Patricia: My starting point was to reach out to the Department for Health, the Department of Education, and Ofsted. And I sent them pretty much the same list of questions. For the Department of Health, I said, “Have you conducted any research into gender differences in play in school playgrounds? Research from other countries suggests that there is a difference in how boys and girls use playground space. Do you acknowledge that? And do you acknowledge that might have a detrimental impact on girls’ health? And if so, what are you doing to change that? What are you doing to encourage gender equity in school playgrounds? And what are you doing to make sure that they have equal opportunities for play?” The Department of Health said, “Not our problem, reach out to the Department of Education,” and the Department of Education got back surprisingly quickly.
Caroline: Oh, great.
Patricia: With a statement that, if I’m frank, didn’t say much, but I can read it to you.
Caroline: I would love to hear it.
Patricia: So the Department for Education spokesperson said that, “Physical activity holds many benefits for young people, for both their physical health and mental wellbeing. Which is why we encourage schools and parents to make sure all children have the opportunity to be physically active and achieve the recommendation of 60 active minutes a day.” They also said that they’ve got a school sport and activity action plan to help more girls take part in physical activity, and a programme to give girls access to sport opportunities. But they didn’t answer any of my questions.
Caroline: Classic government response. And also the emphasis in the answer of the tangible stuff they’re doing, being on sport rather than play makes me suspect they don’t actually get this at all.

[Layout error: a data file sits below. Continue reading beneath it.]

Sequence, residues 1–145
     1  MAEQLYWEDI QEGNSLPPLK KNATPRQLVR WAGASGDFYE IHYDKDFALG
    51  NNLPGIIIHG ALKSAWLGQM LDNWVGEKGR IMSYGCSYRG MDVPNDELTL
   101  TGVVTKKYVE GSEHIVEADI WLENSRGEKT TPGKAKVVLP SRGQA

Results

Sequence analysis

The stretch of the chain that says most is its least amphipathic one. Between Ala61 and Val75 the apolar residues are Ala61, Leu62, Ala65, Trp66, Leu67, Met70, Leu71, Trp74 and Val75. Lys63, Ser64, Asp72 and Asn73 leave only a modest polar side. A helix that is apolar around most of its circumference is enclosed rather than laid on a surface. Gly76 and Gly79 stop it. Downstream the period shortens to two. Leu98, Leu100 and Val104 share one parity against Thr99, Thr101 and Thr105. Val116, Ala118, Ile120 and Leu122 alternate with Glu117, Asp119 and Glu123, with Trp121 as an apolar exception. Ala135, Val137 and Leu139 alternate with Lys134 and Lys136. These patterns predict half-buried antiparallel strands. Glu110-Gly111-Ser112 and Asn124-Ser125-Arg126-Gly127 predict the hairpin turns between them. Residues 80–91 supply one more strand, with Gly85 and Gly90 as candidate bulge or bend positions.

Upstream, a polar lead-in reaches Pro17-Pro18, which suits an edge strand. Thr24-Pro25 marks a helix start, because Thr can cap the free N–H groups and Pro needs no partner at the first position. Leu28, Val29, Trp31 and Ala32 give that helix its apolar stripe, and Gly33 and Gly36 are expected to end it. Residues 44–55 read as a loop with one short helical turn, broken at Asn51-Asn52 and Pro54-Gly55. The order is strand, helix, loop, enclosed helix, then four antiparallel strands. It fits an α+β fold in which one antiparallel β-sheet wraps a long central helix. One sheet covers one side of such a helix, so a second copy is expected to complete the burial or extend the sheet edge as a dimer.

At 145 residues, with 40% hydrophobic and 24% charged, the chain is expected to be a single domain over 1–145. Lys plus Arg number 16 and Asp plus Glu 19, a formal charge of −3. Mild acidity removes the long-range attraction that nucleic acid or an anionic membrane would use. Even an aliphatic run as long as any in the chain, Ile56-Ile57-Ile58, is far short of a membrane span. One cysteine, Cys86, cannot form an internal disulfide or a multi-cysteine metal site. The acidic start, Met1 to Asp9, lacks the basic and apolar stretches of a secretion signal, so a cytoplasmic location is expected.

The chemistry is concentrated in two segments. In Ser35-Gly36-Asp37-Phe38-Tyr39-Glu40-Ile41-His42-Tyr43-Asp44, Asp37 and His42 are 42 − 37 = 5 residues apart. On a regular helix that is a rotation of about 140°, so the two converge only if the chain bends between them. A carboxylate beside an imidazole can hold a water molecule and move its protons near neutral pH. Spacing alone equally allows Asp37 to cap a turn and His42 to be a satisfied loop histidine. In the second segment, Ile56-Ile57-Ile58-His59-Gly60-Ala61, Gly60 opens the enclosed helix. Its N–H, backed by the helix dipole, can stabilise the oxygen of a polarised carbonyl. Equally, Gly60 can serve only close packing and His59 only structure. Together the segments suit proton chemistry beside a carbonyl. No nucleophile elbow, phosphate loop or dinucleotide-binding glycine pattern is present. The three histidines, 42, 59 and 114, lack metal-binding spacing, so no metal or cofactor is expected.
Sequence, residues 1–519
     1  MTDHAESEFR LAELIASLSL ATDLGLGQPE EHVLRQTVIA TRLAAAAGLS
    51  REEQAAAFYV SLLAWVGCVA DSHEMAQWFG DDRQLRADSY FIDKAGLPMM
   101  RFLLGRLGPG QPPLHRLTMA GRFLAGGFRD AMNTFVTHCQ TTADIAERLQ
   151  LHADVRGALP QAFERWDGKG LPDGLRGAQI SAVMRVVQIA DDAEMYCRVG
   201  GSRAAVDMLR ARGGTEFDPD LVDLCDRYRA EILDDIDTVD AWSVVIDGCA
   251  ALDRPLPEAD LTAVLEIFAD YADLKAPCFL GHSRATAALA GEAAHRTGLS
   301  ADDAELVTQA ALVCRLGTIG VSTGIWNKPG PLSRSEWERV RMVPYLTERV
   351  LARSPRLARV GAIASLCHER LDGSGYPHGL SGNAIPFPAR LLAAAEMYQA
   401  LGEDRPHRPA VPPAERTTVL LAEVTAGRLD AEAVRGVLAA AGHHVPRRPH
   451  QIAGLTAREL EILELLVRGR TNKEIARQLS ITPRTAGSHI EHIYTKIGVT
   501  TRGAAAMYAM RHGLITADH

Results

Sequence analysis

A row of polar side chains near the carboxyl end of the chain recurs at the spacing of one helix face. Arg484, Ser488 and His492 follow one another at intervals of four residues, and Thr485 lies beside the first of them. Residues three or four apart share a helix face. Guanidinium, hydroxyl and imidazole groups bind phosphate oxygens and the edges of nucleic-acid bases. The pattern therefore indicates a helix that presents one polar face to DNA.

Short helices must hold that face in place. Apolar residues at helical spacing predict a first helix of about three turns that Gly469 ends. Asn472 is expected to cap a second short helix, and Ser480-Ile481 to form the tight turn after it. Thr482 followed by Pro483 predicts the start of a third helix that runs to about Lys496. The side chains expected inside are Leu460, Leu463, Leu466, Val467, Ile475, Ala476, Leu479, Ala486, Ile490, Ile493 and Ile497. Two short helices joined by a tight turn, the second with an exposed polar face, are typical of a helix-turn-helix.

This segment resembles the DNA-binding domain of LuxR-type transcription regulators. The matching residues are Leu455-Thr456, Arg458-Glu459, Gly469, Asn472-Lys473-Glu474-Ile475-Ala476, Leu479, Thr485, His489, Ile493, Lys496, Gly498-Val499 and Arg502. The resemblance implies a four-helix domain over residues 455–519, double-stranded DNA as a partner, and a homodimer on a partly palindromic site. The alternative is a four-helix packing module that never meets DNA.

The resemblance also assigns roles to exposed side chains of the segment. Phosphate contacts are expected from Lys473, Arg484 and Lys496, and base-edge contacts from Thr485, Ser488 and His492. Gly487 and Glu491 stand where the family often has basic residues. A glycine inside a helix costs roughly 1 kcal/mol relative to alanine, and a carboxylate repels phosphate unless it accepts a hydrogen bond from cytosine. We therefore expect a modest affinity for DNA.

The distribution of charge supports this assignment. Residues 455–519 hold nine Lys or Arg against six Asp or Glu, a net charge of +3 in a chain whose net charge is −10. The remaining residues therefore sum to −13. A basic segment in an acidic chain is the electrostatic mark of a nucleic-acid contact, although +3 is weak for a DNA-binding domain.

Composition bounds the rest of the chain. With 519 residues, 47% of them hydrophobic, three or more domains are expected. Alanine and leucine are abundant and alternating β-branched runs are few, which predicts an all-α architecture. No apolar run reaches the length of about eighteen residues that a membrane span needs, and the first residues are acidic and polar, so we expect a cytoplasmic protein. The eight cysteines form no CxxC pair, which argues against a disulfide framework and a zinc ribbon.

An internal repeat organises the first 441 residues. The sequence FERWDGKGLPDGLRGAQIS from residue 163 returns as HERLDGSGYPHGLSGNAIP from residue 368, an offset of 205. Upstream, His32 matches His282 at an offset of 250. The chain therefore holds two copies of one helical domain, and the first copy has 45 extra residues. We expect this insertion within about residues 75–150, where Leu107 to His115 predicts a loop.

Patricia: Yeah. Yeah.
Caroline: And what about Ofsted?
Patricia: So I reached out with a similar set of questions and they said, “We don’t specifically inspect playgrounds, so this would be difficult for us to comment on.” And then they told me to speak to the Department for Education, like everybody.
Caroline: [Laughing] Okay.
Patricia: It’s interesting because it’s an educational space, but it’s ultimately, I think, a health issue.
Caroline: I don’t know if we have time, but I would love to go back to the Secretary of State for Education, although of course that person might be about to change very soon and say, “Here’s the findings, will you direct Ofsted to include play as part of its ratings for schools…”
Caroline, narrating: We still had a few cards to play, but I’ll be honest, I was starting to despair of ever being able to make playtime better in the UK. But then I found Helen Easton.
Helen Easton: I’m in the playground three lunch times a week. I used to really dislike it and resent it, but I had to go into the playground and mostly deal with behaviour as a member of the senior team.
Caroline, narrating: Helen is assistant head teacher at Ivydale Primary School in Southeast London. I asked her what her school’s playground used to look like.
Helen: A bit of a bleak, urban playground.
Caroline, narrating: And they had a problem that might sound familiar to you by now.
Helen: The playground was dominated by ball games, and mostly by football, and the children that most wanted to play football were the boys. So we saw boys very heavily involved in physical activity, really engaged in their play, but through a sort of play that wasn’t self-determined. They were following rules, it was a structured game. And the girls were very marginalised. So there was no sort of deliberate intention to leave the girls out, but more and more often, the girls were doing things like seeking a lot of adult attention, holding the adults’ hands, going for first aid because there wasn’t really much else for them to do, and because they wanted that attention. They weren’t being physically active, and they weren’t being challenged, and they weren’t really getting a huge amount of benefit from their play times.